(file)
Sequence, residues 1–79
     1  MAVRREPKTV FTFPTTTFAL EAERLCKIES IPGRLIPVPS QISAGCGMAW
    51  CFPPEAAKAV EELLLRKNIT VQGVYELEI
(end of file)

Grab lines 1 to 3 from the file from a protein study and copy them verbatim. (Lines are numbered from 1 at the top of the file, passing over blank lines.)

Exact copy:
Sequence, residues 1–79
     1  MAVRREPKTV FTFPTTTFAL EAERLCKIES IPGRLIPVPS QISAGCGMAW
    51  CFPPEAAKAV EELLLRKNIT VQGVYELEI